Ed Asner plays a Holocaust survivor in film being released 2 years after his death

In ‘Tiger Within,’ which hits select theaters on Friday, the Emmy-winning actor explores forgiveness as he befriends the troubled child of a Holocaust denier

Margot Josefsohn (l) and Ed Asner in "Tiger Within." Asner died in 2021 (Courtesy of Menemsha Films via JTA)
Margot Josefsohn (l) and Ed Asner in "Tiger Within." Asner died in 2021 (Courtesy of Menemsha Films via JTA)

JTA — The prolific Jewish actor Ed Asner died nearly two years ago, but his final film will hit select theaters on Friday.

In “Tiger Within,” he plays a Holocaust survivor who becomes the unlikely friend of a homeless teenager who was raised by a Holocaust denier. The movie was filmed in the summer of 2018, and Asner, the Emmy award-winning actor best known for his roles as Lou Grant on the “Mary Tyler Moore Show” and Carl in the Pixar animated film “Up,” died in 2021 at the age of 91.

“Tiger Within” follows Casey, played by newcomer Margot Josefsohn, as a troubled 14-year-old living in Los Angeles. After running away from her neglectful mother and failing to find support from her father, Casey takes shelter in a cemetery, where she meets Samuel (Asner), an elderly man visiting his wife’s grave. Samuel, a Holocaust survivor, notices the swastika on Casey’s signature leather jacket and begins a conversation, eventually offering Casey some food and a safe place to sleep. Over the course of their friendship, she learns about the realities of the Holocaust and Samuel fulfills the promise he made to his deceased wife to learn to forgive.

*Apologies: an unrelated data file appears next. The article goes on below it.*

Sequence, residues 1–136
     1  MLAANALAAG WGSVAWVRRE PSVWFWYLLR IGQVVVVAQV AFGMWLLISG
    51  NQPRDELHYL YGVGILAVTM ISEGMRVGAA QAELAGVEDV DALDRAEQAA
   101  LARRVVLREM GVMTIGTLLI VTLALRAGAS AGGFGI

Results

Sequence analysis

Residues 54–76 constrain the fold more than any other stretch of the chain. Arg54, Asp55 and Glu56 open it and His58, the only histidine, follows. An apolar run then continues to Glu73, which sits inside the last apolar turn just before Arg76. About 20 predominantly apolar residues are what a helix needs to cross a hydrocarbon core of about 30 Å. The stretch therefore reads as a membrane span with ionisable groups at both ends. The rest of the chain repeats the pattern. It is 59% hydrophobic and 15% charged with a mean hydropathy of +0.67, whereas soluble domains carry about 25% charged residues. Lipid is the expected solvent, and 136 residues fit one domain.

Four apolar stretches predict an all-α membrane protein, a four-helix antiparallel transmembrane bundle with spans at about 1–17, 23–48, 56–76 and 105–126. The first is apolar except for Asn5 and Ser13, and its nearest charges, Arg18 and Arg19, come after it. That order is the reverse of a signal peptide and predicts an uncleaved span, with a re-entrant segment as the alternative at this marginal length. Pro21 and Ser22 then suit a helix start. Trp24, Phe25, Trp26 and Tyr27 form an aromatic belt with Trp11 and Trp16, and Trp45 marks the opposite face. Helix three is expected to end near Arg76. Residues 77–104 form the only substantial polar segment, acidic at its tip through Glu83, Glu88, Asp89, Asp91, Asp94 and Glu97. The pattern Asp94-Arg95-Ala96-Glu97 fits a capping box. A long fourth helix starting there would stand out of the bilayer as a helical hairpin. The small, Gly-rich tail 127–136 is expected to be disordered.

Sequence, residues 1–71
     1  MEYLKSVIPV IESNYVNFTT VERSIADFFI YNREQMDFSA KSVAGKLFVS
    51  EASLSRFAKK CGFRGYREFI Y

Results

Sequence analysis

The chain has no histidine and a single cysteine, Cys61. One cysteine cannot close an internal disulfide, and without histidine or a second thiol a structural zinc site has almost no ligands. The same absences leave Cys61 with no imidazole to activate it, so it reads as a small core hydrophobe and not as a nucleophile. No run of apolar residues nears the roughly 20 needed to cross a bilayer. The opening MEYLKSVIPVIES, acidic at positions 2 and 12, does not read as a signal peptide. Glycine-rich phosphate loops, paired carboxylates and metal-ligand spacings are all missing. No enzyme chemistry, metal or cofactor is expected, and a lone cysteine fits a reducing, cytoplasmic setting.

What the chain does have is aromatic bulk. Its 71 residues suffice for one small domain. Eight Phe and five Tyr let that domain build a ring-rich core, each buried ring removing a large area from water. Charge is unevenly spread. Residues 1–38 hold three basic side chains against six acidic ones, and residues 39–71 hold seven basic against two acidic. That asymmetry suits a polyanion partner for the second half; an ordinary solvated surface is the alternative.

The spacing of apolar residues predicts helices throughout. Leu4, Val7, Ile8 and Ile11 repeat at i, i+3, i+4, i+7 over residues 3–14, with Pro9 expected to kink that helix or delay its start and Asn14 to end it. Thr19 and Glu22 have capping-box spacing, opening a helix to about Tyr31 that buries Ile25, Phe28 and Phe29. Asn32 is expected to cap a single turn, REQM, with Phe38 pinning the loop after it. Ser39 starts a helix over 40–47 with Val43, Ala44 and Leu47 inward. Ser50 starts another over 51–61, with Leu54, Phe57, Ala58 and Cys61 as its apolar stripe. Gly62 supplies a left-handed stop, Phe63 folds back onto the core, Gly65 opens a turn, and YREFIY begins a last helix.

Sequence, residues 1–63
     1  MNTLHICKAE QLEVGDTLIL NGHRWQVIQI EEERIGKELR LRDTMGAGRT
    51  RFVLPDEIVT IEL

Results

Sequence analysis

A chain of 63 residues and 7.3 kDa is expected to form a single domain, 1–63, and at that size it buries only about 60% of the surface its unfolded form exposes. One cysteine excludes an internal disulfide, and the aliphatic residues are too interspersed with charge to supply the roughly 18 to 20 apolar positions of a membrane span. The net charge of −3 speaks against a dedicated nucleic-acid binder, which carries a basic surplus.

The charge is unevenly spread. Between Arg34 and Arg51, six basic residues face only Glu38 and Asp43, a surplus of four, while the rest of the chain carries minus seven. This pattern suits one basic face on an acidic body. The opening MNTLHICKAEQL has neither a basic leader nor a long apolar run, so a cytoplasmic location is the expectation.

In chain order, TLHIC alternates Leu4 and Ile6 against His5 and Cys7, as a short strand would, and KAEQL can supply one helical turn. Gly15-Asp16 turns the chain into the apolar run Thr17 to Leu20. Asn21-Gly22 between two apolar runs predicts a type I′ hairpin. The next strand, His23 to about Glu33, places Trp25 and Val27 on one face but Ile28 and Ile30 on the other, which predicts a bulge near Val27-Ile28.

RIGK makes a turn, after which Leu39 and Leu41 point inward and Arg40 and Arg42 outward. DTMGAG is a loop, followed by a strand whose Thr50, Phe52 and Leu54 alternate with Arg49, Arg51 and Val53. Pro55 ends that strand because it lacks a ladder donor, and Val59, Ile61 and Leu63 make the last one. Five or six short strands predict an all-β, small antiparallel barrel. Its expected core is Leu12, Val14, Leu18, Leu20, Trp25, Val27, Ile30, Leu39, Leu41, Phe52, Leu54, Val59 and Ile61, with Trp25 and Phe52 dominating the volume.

As part of the preparation for the film, director Rafal Zielinski researched forgiveness by interviewing religious leaders and hundreds of young people on the streets of Los Angeles about what forgiveness means to them. The answers were varied, ranging from unconditional forgiveness to measured or transactional.

“It shows how divided we really are,” Zielenski said in a statement. “We all really want to forgive and unburden ourselves, but our human nature and upbringing intercepts us.”

The film does not explain what type of forgiveness, exactly, Samuel is referring to. But the filmmaker felt that the focus on friendship between these two generations was important given that nearly two-thirds of American young adults do not know that six million Jews were killed during the Holocaust. Almost a quarter of respondents to that study, who were between ages 18 to 39, said they believed the Holocaust was a myth. Another 18% said they had definitely not heard, or did not think they had heard, about the Holocaust.

Born and raised in Kansas City to Jewish immigrant parents, Asner told interviewers over the years that his parents practiced a “midwestern” form of Orthodox Judaism, observing many of the religious laws but driving to synagogue. He would play several Jewish characters and work with several Jewish organizations. He was also involved in political activism and joined Jewish Voice for Peace initiatives in speaking out against Israel’s occupation of the West Bank.

“Bury my ashes in Mount Scopus,” he told the Forward in 2012.

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